Exercise training is the cornerstone in the prevention and management of hypertension and atherosclerotic cardiovascular disease. However, blood pressure (BP) response to exercise is exaggerated in hypertension often to the range that raises the safety concern, which may prohibit patients from regular exercise. This augmented pressor response is shown to be related to excessive sympathetic stimulation caused by overactive muscle reflex. Exaggerated sympathetic-mediated vasoconstriction further contributes to the rise in BP during exercise in hypertension. Exercise training has been shown to reduce both exercise pressor reflex and attenuate the abnormal vasoconstriction. Hypertension also contributes to cognitive impairment, and exercise training has been shown to improve cognitive function through both BP-dependent and BP-independent pathways. Additional studies are still needed to determine if newer modes of exercise training such as high-intensity interval training may offer advantages over traditional continuous moderate training in improving BP and brain health in hypertensive patients.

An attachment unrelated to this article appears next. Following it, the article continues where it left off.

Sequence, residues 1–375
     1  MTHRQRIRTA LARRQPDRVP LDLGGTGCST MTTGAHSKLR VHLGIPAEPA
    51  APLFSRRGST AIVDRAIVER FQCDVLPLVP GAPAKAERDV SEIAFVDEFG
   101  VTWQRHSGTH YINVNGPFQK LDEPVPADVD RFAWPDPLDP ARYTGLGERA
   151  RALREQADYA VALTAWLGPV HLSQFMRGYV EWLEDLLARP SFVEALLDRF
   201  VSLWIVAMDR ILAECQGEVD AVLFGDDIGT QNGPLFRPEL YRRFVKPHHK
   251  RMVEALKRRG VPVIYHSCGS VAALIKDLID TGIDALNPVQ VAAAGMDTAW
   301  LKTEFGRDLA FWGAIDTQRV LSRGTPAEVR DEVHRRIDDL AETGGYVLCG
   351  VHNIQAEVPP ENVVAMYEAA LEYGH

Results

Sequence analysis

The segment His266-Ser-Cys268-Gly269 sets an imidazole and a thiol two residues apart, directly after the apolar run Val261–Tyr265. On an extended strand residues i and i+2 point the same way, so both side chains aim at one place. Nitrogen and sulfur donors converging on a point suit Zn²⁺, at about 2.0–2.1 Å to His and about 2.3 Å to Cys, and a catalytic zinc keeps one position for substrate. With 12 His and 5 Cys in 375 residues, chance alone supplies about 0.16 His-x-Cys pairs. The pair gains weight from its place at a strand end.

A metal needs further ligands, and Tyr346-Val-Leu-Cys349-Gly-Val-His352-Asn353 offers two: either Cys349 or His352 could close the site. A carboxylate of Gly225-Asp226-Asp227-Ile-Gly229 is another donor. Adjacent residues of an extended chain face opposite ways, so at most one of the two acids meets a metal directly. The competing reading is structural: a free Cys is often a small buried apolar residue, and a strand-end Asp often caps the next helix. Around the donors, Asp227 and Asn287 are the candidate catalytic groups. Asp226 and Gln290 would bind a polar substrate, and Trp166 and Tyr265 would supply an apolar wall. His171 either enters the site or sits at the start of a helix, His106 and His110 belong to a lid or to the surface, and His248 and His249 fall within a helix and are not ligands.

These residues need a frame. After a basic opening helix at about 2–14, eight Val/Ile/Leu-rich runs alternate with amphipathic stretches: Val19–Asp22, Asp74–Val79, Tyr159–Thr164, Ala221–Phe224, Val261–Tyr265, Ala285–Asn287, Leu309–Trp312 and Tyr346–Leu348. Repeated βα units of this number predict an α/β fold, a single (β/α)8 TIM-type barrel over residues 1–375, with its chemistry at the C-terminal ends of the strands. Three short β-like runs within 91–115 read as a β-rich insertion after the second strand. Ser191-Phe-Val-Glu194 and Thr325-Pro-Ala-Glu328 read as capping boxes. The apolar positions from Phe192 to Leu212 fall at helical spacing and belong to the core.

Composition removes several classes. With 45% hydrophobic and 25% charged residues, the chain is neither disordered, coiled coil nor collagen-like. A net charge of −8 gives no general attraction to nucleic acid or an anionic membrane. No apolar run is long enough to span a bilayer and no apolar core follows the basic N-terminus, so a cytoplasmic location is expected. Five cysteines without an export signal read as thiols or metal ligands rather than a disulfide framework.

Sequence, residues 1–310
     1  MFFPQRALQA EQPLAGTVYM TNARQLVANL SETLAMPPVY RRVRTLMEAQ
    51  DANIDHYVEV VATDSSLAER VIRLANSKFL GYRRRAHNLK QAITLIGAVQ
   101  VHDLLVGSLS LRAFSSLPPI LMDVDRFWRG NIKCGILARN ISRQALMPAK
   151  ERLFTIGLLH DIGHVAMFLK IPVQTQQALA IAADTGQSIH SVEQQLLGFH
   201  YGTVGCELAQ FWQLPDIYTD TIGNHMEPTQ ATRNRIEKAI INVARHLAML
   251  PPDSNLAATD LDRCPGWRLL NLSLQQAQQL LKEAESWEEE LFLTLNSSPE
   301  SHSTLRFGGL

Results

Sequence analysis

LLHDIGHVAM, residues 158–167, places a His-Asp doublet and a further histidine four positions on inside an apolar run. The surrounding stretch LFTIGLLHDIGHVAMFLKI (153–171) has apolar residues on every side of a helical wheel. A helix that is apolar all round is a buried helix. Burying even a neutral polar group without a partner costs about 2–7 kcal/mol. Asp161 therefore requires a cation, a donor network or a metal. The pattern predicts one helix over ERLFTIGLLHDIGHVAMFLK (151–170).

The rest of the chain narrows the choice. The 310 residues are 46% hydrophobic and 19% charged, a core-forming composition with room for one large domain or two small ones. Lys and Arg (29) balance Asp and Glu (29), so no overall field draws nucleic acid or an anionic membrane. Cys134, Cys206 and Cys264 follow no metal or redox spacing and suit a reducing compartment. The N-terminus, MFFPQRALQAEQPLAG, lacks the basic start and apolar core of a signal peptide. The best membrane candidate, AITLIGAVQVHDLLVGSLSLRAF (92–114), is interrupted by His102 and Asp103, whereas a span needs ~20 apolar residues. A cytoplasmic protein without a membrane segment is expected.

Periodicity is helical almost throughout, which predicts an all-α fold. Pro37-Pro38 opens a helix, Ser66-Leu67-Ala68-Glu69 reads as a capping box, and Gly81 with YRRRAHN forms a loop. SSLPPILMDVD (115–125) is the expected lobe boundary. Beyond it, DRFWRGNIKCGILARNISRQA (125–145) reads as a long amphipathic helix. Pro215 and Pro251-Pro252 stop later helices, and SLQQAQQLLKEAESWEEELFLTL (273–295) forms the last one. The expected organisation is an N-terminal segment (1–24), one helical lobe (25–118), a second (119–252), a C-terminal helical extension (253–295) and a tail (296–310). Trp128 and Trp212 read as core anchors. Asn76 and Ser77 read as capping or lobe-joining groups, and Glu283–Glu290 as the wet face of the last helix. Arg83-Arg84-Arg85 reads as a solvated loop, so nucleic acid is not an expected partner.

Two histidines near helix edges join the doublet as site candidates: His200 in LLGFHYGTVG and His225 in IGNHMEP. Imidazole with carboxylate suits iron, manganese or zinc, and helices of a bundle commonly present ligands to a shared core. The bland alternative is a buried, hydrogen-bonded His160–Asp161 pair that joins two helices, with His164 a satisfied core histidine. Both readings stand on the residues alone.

|Original language||English (US)|
|Journal||Current hypertension reports|
|State||Published - Oct 10 2015|
- Cognitive function
ASJC Scopus subject areas
- Internal Medicine